Depending on the observations made of the patient, a Therapeutic Musician may alter the tempo, mode, scale, dynamics, texture, or any other variables to specifically affect a patient’s biological functions, mood, memory, or spiritual unease.
Generally a Therapeutic Music session will last around twenty minutes. In this time, the patient often falls asleep. Sometimes a patient may experience an emotional response or require additional medical attention to address their needs.
Therapeutic Music is not a cure-all, but may be referred to as “prescriptive music” due to its ability to holistically address each patient.
What are the effects?
Therapeutic Music has a wide variety of effects on an individual. Even staff and visitors in proximity benefit from the music!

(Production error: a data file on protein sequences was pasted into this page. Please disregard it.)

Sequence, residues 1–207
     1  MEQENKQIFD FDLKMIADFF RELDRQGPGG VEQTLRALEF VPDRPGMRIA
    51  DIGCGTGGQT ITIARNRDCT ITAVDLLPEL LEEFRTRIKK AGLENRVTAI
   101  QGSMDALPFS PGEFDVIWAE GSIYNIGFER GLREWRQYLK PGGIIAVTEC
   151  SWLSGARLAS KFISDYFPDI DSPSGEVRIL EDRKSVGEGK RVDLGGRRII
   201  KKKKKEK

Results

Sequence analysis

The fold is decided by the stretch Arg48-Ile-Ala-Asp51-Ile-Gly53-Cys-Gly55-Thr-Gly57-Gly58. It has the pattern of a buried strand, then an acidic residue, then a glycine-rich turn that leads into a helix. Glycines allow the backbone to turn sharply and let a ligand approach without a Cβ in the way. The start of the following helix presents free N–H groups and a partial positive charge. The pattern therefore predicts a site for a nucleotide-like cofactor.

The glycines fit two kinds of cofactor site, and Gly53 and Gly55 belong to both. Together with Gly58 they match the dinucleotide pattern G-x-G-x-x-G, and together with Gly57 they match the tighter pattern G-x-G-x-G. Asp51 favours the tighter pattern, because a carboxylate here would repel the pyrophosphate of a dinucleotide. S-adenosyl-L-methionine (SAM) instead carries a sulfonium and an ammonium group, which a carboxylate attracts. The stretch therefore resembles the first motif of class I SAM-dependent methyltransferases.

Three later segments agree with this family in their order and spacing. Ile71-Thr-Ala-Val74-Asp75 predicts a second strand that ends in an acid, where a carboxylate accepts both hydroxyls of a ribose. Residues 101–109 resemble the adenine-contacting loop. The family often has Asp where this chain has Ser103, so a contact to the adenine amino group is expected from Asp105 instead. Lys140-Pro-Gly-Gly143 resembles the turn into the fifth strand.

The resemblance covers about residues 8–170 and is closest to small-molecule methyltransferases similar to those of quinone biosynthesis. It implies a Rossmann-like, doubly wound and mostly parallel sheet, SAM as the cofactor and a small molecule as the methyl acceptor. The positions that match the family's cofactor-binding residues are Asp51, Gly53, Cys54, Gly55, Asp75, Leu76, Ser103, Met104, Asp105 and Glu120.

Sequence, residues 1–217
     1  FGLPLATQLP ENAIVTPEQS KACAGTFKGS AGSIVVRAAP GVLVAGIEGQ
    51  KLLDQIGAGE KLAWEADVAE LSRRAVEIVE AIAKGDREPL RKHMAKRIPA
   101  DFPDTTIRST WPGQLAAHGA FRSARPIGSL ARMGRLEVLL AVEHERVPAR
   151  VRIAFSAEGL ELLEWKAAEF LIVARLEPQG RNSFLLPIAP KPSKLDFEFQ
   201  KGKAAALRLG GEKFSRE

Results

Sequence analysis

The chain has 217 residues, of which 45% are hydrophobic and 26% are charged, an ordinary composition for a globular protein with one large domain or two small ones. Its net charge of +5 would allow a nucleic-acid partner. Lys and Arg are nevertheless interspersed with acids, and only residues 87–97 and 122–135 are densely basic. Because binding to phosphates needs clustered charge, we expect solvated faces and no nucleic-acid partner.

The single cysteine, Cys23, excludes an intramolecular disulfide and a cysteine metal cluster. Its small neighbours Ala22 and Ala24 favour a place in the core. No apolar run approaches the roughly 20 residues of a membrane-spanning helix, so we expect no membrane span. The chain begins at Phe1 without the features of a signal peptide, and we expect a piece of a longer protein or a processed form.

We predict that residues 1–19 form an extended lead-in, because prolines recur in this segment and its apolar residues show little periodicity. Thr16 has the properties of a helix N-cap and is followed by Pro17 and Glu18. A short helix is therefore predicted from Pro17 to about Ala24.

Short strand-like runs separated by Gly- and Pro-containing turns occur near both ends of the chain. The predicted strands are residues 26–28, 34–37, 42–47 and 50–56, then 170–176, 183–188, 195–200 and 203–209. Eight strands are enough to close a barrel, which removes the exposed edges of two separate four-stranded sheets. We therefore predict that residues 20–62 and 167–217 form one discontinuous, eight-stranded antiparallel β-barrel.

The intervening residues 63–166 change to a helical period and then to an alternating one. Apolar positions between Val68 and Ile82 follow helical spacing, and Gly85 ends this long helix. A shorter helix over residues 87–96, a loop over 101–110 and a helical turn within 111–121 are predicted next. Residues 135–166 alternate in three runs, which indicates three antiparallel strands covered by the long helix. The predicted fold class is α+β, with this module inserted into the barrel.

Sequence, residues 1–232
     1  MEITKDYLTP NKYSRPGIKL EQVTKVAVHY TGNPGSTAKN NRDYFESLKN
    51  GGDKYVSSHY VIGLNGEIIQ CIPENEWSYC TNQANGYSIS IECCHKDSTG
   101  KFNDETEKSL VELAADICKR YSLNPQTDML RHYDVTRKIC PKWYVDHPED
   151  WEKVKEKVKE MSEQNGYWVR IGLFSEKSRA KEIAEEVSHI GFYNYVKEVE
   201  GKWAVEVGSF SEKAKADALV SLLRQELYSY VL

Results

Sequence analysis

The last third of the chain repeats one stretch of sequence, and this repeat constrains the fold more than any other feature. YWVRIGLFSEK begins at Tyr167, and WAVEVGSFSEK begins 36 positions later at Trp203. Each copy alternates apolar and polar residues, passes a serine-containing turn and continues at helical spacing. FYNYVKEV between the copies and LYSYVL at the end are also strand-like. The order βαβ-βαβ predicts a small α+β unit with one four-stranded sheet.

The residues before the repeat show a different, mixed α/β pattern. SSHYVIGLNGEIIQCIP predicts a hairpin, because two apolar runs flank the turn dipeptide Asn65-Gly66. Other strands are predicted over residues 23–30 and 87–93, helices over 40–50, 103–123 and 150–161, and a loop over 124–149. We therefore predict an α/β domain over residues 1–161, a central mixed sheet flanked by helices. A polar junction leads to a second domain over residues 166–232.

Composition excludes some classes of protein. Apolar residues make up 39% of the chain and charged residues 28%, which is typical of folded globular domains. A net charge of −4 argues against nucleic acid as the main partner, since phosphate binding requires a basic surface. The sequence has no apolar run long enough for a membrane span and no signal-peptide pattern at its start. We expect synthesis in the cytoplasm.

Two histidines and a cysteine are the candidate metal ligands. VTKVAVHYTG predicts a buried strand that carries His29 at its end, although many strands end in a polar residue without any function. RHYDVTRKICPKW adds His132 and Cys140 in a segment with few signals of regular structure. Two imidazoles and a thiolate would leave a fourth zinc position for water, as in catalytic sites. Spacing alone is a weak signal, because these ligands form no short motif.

A short list provided by the NSBTM, states that benefits can include, but are not limited to:
- Disassociation from the present situation
- Refocus of attention
- Altering the sense of time
- Reprieve from the present situation
- Relieving anxiety of the critically ill
- Reducing stress and blood pressure of the chronically ill
- Augmenting pain management
- Bridge for communication between loved ones
- Relieving body and mental tension of the pre-surgery patient
- Accelerating physical healing of post-surgery and injured patients
- Easing the birth delivery process
- Aiding mental focus in Alzheimer’s patients by lifting and clearing the consciousness
- Assisting the dying by facilitating ease in the transition process
Where can I find Therapeutic Music?